Draft Legislation Seeks To Protect People in Malawi From Healers Claiming To Cure HIV/AIDS
Malawi lawmakers on Tuesday began examining draft legislation that aims to prevent traditional healers from claiming that they can cure HIV/AIDS, AFP/Mail & Guardian reports. Mary Shawa, principal secretary for nutrition and HIV/AIDS at the president's office, announced the legislation last week.
The bill seeks to "regulate and protect people from healers who prescribe sex with albinos, the disabled or virgins as a cure for HIV and AIDS," Shawa told a Parliamentary committee that was asked to provide input on the measure before it is submitted to the full Parliament later this year. Under the measure, the country's 30,000 traditional healers -- many of whom work in rural towns and villages -- would be required to register with a board created by the Ministry of Health. Shawa said that when the bill "passes into law, all traditional healers claiming to cure AIDS will be dealt with." She did not provide details on possible punishments for healers who claim to cure the disease. The bill was drafted in collaboration with traditional Malawi healers and the World Health Organization, AFP/Mail & Guardian reports (AFP/Mail & Guardian, 3/4).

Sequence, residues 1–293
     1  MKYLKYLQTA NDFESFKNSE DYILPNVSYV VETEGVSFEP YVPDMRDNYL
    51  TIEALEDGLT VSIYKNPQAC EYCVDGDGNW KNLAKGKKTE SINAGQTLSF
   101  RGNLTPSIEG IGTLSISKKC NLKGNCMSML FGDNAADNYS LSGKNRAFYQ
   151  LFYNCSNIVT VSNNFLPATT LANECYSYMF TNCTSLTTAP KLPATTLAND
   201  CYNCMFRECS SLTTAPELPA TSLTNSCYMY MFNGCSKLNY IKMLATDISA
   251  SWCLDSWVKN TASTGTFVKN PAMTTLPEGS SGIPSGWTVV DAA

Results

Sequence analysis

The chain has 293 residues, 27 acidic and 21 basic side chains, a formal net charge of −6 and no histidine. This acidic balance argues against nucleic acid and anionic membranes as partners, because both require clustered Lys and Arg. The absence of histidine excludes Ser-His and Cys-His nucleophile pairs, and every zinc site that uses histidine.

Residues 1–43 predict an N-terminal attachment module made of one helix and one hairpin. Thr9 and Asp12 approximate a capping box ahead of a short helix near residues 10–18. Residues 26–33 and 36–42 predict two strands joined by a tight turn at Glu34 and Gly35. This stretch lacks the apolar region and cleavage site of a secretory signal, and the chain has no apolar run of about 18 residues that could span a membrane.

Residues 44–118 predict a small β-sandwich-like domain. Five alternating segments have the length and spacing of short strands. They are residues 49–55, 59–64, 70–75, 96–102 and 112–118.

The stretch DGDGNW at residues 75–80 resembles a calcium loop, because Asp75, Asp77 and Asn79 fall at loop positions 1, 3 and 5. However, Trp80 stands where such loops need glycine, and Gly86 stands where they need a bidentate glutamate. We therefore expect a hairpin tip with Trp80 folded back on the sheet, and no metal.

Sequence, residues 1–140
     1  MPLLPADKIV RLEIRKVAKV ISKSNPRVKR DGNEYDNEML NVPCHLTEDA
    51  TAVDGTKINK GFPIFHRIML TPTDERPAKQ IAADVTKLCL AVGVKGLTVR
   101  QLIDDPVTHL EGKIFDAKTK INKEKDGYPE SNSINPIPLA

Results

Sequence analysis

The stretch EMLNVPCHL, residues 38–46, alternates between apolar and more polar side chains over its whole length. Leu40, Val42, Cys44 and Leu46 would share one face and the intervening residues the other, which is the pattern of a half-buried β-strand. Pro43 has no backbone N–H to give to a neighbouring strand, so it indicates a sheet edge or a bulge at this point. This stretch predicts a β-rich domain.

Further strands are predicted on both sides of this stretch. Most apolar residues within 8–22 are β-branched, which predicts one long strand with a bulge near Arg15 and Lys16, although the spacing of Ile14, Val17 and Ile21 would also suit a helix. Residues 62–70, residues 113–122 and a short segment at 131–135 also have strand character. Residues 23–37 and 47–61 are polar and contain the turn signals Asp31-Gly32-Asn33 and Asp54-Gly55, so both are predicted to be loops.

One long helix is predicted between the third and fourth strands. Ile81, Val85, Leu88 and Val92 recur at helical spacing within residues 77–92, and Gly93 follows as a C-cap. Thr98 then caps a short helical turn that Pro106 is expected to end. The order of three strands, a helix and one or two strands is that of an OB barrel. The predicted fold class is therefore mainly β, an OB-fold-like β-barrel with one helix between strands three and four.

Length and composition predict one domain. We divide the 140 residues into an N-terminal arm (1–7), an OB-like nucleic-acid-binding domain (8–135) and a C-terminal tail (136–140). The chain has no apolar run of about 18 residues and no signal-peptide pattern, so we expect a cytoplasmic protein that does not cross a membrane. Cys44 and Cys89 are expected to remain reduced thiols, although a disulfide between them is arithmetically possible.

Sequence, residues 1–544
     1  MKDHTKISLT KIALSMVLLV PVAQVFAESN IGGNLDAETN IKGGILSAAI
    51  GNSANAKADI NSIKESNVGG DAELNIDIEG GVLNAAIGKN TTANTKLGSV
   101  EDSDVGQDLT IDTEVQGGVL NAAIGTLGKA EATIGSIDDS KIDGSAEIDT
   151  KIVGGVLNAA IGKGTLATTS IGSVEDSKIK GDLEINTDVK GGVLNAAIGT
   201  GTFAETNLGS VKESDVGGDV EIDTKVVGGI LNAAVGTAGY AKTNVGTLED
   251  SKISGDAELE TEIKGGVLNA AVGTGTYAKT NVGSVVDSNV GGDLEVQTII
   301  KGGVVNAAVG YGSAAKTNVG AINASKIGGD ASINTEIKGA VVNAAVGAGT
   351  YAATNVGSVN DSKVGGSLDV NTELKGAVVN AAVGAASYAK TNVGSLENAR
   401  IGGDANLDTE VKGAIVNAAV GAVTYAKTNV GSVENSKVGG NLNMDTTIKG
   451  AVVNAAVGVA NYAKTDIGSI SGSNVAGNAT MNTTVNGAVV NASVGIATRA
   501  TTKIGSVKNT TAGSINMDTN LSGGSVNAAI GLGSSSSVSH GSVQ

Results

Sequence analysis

The bill also would seek to prevent religious leaders from advising their congregations to give up antiretroviral treatment for prayer. The Malawi Council of Churches last month said that five HIV-positive people who had been taking antiretrovirals died after their church pastor advised them to stop taking the drugs because the pastor said they had been cured by prayer (Kaiser Daily HIV/AIDS Report, 2/27).
According to AFP/Mail & Guardian, newspaper and radio advertisements for HIV/AIDS cures also are common in Malawi. A United Nations-funded study last year found that about 60% of people ages 15 to 49 in Malawi lack knowledge about HIV prevention. According to official figures, 14% of Malawi's 12 million residents are living with HIV, and there are about 78,000 AIDS-related deaths and 100,000 new cases annually (AFP/Mail & Guardian, 3/4).